All these examples are simple snapshots of some groups which suffer from greater-than-average rates of unemployment. Unmarried women with children are more likely to be found in all those group pictures than married women because they are younger, less educated and more racially and ethnically diverse. Even if they faced no additional workplace discrimination aimed at their marital/maternal status, these factors place them at a higher risk of joblessness than other women.
That higher risk affects not only the single mothers themselves, but many of America’s children. Having two adults capable of earning wages — or at least of looking for jobs — makes a big difference for the financial well-being of a family. Families headed by a single parent don’t have that private safety-net. (This is true not only for families headed by an unmarried mother, but also for those headed by an unmarried father. Unfortunately, the BLS statistics don’t provide information of the latter group.) With one-fifth of all children growing up in families headed by a single mother, and an estimated additional 5 percent in families headed by a single father, one in four of America’s children are therefore affected by what happens to single-parent families.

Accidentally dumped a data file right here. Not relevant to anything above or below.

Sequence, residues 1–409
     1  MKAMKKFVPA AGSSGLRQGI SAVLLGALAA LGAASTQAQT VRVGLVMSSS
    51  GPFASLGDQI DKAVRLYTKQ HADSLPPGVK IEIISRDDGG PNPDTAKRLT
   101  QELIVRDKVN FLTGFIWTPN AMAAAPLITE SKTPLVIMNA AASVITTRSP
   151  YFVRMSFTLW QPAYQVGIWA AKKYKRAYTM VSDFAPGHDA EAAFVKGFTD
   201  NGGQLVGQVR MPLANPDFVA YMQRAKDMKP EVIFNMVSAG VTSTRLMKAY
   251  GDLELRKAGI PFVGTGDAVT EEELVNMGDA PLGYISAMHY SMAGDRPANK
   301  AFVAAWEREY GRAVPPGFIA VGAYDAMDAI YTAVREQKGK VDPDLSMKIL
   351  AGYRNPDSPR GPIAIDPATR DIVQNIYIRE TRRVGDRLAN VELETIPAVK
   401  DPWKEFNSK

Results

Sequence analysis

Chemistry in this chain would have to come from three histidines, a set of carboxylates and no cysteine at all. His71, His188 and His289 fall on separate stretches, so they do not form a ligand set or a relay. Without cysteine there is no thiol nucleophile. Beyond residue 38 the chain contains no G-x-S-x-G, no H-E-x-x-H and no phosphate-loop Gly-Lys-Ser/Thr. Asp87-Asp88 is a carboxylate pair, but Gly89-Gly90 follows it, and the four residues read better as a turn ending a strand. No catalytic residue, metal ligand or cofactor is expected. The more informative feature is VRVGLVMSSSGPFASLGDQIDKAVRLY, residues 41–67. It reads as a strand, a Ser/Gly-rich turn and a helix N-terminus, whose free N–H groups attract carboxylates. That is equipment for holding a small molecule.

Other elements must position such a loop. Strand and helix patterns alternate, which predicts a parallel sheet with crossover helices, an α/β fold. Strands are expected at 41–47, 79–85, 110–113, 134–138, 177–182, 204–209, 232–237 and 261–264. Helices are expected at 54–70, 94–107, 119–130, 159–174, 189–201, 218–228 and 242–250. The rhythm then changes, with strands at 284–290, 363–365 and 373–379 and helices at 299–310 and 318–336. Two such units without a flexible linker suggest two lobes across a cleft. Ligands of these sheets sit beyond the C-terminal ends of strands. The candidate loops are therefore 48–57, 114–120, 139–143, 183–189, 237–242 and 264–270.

In families such as this, the loss of a parent’s job often sets off a cascade of disaster. When the sole breadwinner of a family loses her or his job, the family may also lose health insurance and housing. Poverty rates among all families headed by unmarried mothers (including those not in the labor force) are high. One in three (PDF) of these families lives in poverty. In 2008 (PDF), 43.5 percent of children in single mother families were counted as poor, compared to 9.9 percent of children living in married-couple families. The poverty rates were especially high for families headed by an African-American woman or by a Latina.
Poor families are poor. This means that they don’t have savings to tide them over a prolonged bout of unemployment. If a poor single mother with children loses her job, what are her alternatives? She could always go on welfare, right?
Well, the Temporary Aid For Needy Families, the replacement of that old-and-much-maligned Aid for Families With Dependent Children, offers an average monthly payment of $372 (PDF), and even that only if the recipient hasn’t exhausted the five-years lifetime cap. But, you say, she might indeed qualify for something better: unemployment insurance.